Androstenedione, Dehydroepiandrosterone, and Dehydroepiandrosterone Sulfate

Androstenedione (AD), Dehydroepiandrosterone (DHEA), and Dehydroepiandrosterone Sulfate ester (DHEA S) are known as Androstenediones (ADs). Androstenediones are precursors of Testosterone and Estrone. Androstenediones and are made in the gonads and the adrenal gland. Adrenocorticotropic Hormone (ACTH) stimulates the adrenal secretion of Androstenediones. The ADs are often elevated in cases of hirsutism and virilization.

 

In the female peripheral tissues and ovaries, androstenedione is converted into testosterone and estrogen. In females, 50% to 60% of testosterone is made in the peripheral tissues, 30% is produced in the adrenal gland, and 20% is produced in the ovary. In the adult woman, elevated levels of ADs can cause virilizing symptoms such as hirsutism, change in voice, and sterility. Children with congenital adrenal hyperplasia have enzyme defects in the synthesis of cortisol. ACTH secretion is stimulated by the lack of cortisol. As ACTH levels increase, production of ADs is stimulated, and levels increase. These hormones are converted into a relatively high level of testosterone by the peripheral tissues. In female children, pseudohermaphroditism results. In male children with similar congenital defects, precocious puberty will become obvious. This test is also used to assess delayed puberty.

 

Androstenedione and Dehydroepiandrosterone secretion is episodic and exhibits a diurnal variation similar to cortisol. Dehydroepiandrosterone Sulfate, on the other hand, does not show diurnal variation and is present in the serum at levels much higher than androstenedione or Dehydroepiandrosterone. Patients with polycystic ovary syndrome (Stein-Leventhal syndrome) have particularly elevated levels of androstenediones. DHEA S levels are particularly high in patients with adrenal carcinoma and to a lesser extent in patients with congenital adrenal hyperplasia and Cushing disease. Normal androstenedione levels are found in patients with Cushing syndrome caused by benign adrenal tumors.

 

It is preferred that the patient fast before drawing blood for the Androstenediones test. However, fasting is not necessary. Androstenediones are the highest around 7 AM; it is also preferred to draw blood around that time of the day.

 

 

 

Normal Androstenediones Levels

Males have higher Androstenediones Levels than females.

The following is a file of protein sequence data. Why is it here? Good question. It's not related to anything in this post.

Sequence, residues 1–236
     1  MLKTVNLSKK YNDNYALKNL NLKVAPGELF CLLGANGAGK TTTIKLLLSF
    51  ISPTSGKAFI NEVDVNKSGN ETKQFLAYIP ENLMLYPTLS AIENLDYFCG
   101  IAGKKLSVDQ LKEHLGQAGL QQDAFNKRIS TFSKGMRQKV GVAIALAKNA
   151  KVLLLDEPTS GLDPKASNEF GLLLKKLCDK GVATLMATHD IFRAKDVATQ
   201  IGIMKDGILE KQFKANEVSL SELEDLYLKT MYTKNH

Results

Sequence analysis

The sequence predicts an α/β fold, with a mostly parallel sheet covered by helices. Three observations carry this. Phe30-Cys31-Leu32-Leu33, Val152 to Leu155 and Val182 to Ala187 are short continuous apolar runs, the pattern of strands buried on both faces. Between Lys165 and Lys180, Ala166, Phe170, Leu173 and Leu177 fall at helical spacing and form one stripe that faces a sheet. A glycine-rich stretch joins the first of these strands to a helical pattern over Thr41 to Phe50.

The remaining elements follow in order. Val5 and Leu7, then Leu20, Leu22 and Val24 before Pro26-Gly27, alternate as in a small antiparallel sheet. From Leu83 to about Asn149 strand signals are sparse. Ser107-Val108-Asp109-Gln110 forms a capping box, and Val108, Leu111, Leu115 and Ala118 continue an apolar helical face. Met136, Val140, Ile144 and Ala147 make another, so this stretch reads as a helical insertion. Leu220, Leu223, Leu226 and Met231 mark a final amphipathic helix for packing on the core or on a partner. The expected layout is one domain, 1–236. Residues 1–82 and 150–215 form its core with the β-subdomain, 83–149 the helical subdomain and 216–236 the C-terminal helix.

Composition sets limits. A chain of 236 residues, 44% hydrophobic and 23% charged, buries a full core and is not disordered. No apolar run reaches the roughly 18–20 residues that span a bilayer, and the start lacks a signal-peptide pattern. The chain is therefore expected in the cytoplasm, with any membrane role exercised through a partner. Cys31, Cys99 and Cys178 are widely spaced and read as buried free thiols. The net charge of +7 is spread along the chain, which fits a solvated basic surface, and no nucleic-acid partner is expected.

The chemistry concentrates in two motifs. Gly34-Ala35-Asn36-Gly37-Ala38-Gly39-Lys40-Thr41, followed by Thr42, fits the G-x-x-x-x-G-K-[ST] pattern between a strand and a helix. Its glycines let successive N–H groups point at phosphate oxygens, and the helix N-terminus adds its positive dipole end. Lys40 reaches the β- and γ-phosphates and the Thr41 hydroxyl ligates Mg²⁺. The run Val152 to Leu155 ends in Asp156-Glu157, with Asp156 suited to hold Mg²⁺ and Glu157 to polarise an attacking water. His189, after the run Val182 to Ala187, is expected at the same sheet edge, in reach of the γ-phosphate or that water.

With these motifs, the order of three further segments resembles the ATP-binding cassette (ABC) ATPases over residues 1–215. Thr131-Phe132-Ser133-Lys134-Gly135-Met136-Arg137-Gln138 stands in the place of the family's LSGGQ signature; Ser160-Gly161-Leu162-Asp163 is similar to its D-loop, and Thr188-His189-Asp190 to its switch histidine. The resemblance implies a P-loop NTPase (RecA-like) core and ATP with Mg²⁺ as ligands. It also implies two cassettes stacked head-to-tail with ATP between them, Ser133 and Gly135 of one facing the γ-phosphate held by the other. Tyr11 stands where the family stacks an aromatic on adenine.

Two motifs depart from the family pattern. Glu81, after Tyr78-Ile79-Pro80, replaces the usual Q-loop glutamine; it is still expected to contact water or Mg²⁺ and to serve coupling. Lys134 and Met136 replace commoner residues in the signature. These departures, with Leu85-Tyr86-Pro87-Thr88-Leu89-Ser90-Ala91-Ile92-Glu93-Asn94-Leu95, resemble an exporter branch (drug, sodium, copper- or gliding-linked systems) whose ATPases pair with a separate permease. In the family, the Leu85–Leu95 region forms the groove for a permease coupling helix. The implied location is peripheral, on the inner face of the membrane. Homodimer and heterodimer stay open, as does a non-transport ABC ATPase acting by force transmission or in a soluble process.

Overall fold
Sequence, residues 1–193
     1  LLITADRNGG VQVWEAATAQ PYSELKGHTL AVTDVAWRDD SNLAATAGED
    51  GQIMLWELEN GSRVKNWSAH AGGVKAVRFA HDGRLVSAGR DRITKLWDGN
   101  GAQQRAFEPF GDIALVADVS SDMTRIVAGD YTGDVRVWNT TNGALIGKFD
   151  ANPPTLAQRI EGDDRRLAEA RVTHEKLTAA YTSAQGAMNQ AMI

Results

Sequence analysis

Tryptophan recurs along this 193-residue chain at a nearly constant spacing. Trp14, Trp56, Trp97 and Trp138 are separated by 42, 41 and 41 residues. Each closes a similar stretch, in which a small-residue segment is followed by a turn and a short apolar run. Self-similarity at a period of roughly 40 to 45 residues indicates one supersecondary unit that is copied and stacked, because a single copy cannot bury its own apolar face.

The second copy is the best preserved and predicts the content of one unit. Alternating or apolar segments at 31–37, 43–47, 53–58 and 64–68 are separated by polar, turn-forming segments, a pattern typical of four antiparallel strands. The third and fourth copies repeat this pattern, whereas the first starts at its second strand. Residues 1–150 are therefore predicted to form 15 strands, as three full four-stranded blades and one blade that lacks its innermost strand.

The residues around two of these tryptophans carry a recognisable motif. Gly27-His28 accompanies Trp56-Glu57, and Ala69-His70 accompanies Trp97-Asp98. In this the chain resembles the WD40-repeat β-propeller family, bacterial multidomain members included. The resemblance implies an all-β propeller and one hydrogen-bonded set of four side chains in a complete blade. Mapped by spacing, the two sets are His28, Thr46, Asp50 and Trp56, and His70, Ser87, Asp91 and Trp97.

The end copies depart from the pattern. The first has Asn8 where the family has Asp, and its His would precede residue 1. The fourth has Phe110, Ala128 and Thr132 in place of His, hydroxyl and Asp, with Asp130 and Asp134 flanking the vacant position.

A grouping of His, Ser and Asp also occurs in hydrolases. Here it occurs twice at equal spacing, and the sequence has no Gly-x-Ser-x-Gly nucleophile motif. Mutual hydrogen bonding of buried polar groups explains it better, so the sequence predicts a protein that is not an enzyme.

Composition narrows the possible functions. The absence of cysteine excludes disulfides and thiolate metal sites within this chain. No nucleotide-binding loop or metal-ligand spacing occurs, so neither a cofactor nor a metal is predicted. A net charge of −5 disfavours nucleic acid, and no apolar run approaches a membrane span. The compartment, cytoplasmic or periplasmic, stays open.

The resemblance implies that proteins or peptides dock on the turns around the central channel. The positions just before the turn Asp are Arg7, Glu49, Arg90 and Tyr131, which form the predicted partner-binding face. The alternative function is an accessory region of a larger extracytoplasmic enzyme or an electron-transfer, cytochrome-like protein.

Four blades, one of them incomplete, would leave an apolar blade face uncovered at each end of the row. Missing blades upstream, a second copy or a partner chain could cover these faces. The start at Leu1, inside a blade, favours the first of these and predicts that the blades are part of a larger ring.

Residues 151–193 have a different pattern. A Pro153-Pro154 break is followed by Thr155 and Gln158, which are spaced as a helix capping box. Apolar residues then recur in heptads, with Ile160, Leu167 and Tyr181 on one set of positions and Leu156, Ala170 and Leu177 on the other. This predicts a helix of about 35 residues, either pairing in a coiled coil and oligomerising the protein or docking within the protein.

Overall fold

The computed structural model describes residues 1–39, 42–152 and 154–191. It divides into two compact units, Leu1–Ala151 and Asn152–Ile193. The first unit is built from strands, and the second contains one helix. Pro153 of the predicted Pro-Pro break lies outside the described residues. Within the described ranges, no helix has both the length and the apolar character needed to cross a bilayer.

Normal Androstenedione Levels

Males: Between 0.6 and 2.7 ng/mL.

Females: Between 0.5 and 2.7 ng/mL.

 

 

Normal Dehydroepiandrosterone Levels

Males: Between 1 and 9.5 ng/mL.

Females: Between 0.4 and 3.7 ng/mL.

 

 

Normal Dehydroepiandrosterone Sulfate Levels

Males: between 280 and 640 mcg/dL.

Females: Between 65 and 380 mcg/dL.

 

 

 

Causes of Androstenediones False Indications

  • A radioactive scan performed 1 week before the test may invalidate the test results, if it is performed by radioimmunoassay.
  • Drugs that may increase levels of Androstenedione are Clomiphene, Corticotropin, and Metyrapone.
  • Steroids may decrease levels of Androstenedione.

 

 

 

Causes of High Androstenediones Levels

  • Adrenal Tumor: Some tumors make large amounts of Androstenediones, which is then converted by the ovaries and fatty tissue to testosterone and estrogen. The relatively high level of testosterone causes the virilizing signs.
  • Congenital Adrenal Hyperplasia: This disease is characterized by enzyme defects that prevent conversion of androstenediones to cortisol. Androstenediones levels are increased.
  • High Androstenediones Levels are associated with Ectopic ACTH-producing Tumors and Cushing Disease since Adrenocorticotropic Hormone (ACTH) stimulates the adrenal gland to make large amounts of hormones, including androstenediones. Cushing syndrome: Large amounts of hormones, including androstenediones, are made in the adrenal gland.
  • Stein-Leventhal Syndrome.
  • Ovarian Sex Cord Tumor.

 

 

 

Causes of Low Androstenediones Levels

  • Primary or Secondary Adrenal Insufficiency.
  • Ovarian Failure.
  • Oophorectomy.